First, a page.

Pull out the chicken and lay it out flat on your meat cutting board.  Assuming you’ve already cut away and discarded the fat, now cut off any of the knobby bits that stick up from the thighs.  (Reserve these for something like a stir fry  with lots of veggies for a base!)

Place the sheet of plastic wrap over the meat, and pound down with a blunt object.  Yes, there are specialized tools for this, and they probably don’t cost much, but improvisation is even cheaper!

Discard the plastic, and layer the slices of ham over the chicken thighs (or breast).  Follow with the Swiss cheese.  Cut away any bits that overhang the base chicken.  (Add to the center of the chicken if you feel there is room.)  Smear with 1/4 teaspoon Dijon mustard per thigh.

Roll the thighs/ham/cheese up tightly, and secure with one or two toothpicks.

Roll the thighs around in the seasoned flour mixture so that all parts are covered.

Dip and roll in the beaten egg.

Roll in the crumbly mixture (coconut or oats).

Heat up the oil in your skillet so that a drop of water sizzles, and then some (do not allow the oil to smoke).  Note that the hotter you can get the oil, the less greasy your food will be!  Add the thighs — as many as your skillet size fits comfortably.  Allow to cook about 4-5 minutes a side, and then do two or three minutes each edge.  The crumbs should be a crispy toasty brown.

Remove from the skillet onto a couple layers of paper towel, to absorb extra grease.

In your baking pan – put a rack down so that the underside of the thighs remain crispy.  Place the cordon bleus in here, edges not touching each other.   (Hmm, what IS the plural of cordon bleu, or is there one?)

Bake 20 minutes (maybe only 15 if breast meat) at 350 F.

Remove from oven, allow to rest for five minutes.  Remove tooth picks and serve.


Both the coconut flake and the rolled oats were good.  I seriously preferred the rolled oats with this treatment, however.   This is the way I will be doing this dish in the future. 

Suggested serving sides:  Rice pilaf?  Steamed broccoli or broccolini with butter and fresh Mediterranean herbs?   A nice hearty salad with mixed greens and cukes and whatever may be in season, tossed with fresh tarragon, EVOO and red wine vinegar?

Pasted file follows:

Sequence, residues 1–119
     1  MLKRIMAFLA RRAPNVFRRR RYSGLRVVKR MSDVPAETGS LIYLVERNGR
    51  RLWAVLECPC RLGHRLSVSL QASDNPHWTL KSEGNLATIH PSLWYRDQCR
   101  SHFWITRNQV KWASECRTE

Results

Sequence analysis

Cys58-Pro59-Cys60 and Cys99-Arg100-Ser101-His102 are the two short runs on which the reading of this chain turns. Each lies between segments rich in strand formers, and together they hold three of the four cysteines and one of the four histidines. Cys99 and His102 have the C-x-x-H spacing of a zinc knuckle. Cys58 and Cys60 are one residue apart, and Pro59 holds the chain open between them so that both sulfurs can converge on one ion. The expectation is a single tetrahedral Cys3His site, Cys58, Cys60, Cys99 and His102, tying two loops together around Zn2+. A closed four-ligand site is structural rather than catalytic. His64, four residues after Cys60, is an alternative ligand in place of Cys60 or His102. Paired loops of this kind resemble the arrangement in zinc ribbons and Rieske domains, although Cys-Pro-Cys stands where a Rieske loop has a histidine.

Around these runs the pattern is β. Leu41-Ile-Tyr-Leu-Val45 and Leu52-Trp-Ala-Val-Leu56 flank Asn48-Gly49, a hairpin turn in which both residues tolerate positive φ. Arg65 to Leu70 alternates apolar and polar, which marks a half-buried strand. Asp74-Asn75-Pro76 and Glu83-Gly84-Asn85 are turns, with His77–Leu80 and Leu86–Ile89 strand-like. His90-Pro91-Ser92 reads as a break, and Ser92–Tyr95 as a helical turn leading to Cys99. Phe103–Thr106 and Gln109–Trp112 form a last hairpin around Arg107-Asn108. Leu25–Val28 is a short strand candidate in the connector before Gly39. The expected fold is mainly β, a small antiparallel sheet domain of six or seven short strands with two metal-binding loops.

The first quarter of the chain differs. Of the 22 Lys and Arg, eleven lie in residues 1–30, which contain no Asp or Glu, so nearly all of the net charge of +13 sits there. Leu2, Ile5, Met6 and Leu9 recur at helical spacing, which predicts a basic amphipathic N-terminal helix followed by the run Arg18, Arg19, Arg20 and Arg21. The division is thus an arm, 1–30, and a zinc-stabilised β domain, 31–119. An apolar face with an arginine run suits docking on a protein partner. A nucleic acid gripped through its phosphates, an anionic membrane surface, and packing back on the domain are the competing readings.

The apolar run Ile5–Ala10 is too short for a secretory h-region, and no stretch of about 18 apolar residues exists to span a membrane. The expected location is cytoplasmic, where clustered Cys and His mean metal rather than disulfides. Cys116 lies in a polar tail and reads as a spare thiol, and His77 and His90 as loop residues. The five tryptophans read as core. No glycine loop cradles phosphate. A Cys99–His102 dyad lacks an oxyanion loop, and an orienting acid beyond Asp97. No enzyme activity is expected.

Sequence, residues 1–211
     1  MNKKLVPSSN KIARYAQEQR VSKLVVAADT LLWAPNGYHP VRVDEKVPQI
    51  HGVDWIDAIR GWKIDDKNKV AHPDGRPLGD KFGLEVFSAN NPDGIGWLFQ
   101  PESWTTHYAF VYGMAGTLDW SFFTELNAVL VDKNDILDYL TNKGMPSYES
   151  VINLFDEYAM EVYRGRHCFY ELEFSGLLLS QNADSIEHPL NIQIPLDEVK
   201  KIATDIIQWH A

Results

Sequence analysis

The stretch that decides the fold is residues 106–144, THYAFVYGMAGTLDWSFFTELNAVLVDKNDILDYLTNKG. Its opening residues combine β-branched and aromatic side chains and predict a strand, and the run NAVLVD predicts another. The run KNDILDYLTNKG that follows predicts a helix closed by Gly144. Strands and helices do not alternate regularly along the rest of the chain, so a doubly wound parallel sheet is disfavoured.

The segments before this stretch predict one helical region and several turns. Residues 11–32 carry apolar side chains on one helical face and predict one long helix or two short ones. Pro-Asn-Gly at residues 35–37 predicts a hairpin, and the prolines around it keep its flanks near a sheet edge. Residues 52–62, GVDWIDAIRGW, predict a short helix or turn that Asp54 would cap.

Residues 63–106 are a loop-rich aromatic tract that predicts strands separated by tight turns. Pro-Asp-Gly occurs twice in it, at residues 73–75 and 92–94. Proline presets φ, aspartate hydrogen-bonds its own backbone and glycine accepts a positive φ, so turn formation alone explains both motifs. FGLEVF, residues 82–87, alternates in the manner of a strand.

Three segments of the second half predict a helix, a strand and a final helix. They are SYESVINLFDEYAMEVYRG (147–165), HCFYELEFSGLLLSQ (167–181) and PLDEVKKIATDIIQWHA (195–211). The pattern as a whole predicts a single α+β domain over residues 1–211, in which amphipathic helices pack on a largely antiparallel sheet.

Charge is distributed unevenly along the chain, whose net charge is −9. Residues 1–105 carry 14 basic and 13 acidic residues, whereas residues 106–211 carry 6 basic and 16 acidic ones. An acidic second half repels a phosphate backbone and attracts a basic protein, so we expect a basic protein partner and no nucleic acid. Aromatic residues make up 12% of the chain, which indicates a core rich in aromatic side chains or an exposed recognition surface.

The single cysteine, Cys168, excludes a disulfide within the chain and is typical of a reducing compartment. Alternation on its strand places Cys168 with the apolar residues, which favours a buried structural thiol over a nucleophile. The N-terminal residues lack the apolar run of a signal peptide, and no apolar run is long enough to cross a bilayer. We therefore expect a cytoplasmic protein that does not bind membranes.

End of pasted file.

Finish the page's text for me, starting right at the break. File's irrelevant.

recipe, chicken cordon bleu, chicken thigh, gluten-free, tree-nut-free

recipe, chicken cordon bleu, chicken thigh, gluten-free, nut-free

Lay down the ham, then lay down the cheese… (The item at upper left in each photo is the leftover nubs of chicken thigh… soon to be wrapped up and away.)

Final notes:  If you are fine with gluten consumption, sub in regular wheat flour for the arrowroot.  Sub in finely-crunched up dry breadcrumbs — making your own will limit the amount of weird additives in your meal — or Japanese panko for the coconut flakes / oatmeal.  (I personally CAN eat gluten – at least at “reasonable” levels — but I prefer to limit my intake to what I eat dining out, if at all possible.)     

PS:  I’m not sure if coconut is considered a “tree nut”.  I digest coconut just fine, while a friend of mine cannot digest either coconut or tree nuts.  

PPS:  The kitchen (and house!) smelled mighty fine after!

recipe, chicken cordon bleu, chicken thigh, gluten-free, tree-nut-free

Chicken Cordon Bleu, rolled up and ready for coatings

recipe, chicken cordon bleu, chicken thigh, gluten-free, tree-nut-free

Frying the coconut pair.

recipe, chicken cordon bleu, chicken thigh, gluten-free, tree-nut-free

For some reason, the oatmeal ones were giving me photography issues. But here’s as good as it got…

Come join the fun at Fiesta Friday, with our hosts Caroline, and Tania.

And have some more fun at Real Food Fridays!


Posted in Cooking, Meats | Tagged , , , , , , , | 6 Comments

The Once and Future Kitchen…

I have mentioned in a few posts that I’m currently building a home (which I had naively hoped would have been ready by the very latest, late last summer or early autumn).